Graduates of this behavioral health science degree program may professionally apply their knowledge and training by entering the behavioral health field as a behavioral health technician, specialist or paraprofessional. You may also consider entering the profession as a mental health service technician, social or community service manager, or case manager. Many graduates may choose to gain professional experience in the areas of behavioral health, counseling, health services management, health services and other agencies including, but not limited to, government, private and public entities - while continuing their education to advance their career path.

Course List

The programs offered at Grand Canyon University may vary by content and course length. You are currently viewing the program version available in Arizona. In order to view the specific course content and credit length available for your state, please contact a counselor at 1-855-GCU-LOPE or click here to request more information.
General Education Requirements:
34-40 credits
Major:
56 credits
Open Elective Credits:
24-30 credits
Total Degree Requirements:
120 credits

General Education Requirements

General Education coursework prepares Grand Canyon University graduates to think critically, communicate clearly, live responsibly in a diverse world, and thoughtfully integrate their faith and ethical convictions into all dimensions of life. These competencies, essential to an effective and satisfying life, are outlined in the General Education Learner Outcomes. General Education courses embody the breadth of human understanding and creativity contained in the liberal arts and sciences tradition. Students take an array of foundational knowledge courses that promote expanded knowledge, insight, and the outcomes identified in the University's General Education Competencies. The knowledge and skills students acquire through these courses serve as a foundation for successful careers and lifelong journeys of growing understanding and wisdom.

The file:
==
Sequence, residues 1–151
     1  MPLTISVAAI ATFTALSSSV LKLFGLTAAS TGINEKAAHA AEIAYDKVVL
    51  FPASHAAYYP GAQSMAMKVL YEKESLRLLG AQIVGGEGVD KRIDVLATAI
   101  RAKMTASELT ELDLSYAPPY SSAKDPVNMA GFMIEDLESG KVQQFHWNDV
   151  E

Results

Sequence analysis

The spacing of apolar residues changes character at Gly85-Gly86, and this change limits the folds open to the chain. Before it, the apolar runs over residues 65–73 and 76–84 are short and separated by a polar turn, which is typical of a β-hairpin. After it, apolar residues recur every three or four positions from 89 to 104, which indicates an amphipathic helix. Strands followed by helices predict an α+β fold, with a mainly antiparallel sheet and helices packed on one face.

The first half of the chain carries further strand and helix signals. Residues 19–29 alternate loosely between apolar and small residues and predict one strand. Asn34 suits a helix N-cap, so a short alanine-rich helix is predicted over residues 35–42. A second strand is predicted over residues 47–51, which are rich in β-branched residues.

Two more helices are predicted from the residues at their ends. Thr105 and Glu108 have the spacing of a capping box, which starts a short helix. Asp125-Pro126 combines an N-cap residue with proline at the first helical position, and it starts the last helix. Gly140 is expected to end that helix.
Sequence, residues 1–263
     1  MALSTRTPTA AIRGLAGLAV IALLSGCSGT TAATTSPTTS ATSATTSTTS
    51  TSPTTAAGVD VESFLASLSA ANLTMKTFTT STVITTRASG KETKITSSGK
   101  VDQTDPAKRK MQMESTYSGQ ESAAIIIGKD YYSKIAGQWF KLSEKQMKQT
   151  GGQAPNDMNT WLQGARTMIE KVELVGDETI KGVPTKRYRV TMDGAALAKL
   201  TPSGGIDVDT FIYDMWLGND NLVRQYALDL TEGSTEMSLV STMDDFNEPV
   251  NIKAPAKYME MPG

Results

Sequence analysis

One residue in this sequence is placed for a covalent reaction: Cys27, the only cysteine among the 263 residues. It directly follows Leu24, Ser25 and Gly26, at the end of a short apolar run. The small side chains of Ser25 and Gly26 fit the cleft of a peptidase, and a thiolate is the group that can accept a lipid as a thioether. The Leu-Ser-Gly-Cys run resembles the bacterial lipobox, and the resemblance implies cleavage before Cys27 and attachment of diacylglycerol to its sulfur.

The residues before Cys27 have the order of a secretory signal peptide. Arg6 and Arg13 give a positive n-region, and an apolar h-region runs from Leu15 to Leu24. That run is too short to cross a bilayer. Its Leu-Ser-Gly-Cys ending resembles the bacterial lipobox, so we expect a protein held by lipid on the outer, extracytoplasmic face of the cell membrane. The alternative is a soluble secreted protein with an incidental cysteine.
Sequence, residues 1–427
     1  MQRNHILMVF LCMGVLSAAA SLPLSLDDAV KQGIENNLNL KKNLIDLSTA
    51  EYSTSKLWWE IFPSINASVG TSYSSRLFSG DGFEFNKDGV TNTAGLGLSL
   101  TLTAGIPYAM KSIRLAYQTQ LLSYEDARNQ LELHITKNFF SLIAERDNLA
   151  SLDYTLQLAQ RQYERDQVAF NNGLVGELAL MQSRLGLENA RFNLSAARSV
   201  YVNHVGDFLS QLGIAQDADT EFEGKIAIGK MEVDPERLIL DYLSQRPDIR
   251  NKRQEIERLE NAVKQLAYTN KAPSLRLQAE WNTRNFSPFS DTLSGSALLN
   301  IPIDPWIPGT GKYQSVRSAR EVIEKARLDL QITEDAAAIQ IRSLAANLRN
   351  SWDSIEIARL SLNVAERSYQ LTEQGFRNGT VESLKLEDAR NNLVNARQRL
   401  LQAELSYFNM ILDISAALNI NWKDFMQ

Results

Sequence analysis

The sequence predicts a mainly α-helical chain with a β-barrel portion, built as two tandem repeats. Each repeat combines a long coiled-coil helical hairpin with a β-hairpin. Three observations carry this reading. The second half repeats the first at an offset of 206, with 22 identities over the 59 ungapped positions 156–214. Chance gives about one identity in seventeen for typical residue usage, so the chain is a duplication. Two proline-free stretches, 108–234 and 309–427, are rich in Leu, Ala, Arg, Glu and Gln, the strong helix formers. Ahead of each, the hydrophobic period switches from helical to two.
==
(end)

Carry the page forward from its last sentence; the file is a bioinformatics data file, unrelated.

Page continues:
Requirements

Upon completion of the Grand Canyon University's University Foundation experience, students will be able to demonstrate competency in the areas of academic skills and self-leadership. They will be able to articulate the range of resources available to assist them, explore career options related to their area of study, and have knowledge of Grand Canyon's community. Students will be able to demonstrate foundational academic success skills, explore GCU resources (CLA, Library, Career Center, ADA office, etc), articulate strategies of self-leadership and management and recognize opportunities to engage in the GCU community.

Course Options

  • UNV-112, Success in Science, Engineering and Technology & Lab: 4 credits
  • UNV-103, University Success: 4 credits
  • UNV-303, University Success: 4 credits
  • UNV-108, University Success in the College of Education: 4 credits

Requirements

Graduates of Grand Canyon University will be able to construct rhetorically effective communications appropriate to diverse audiences, purposes, and occasions (English composition, communication, critical reading, foreign language, sign language, etc.). Students are required to take 3 credits of English grammar or composition.

Course Options

  • UNV-104, 21st Century Skills: Communication and Information Literacy: 4 credits
  • ENG-105, English Composition I: 4 credits
  • ENG-106, English Composition II: 4 credits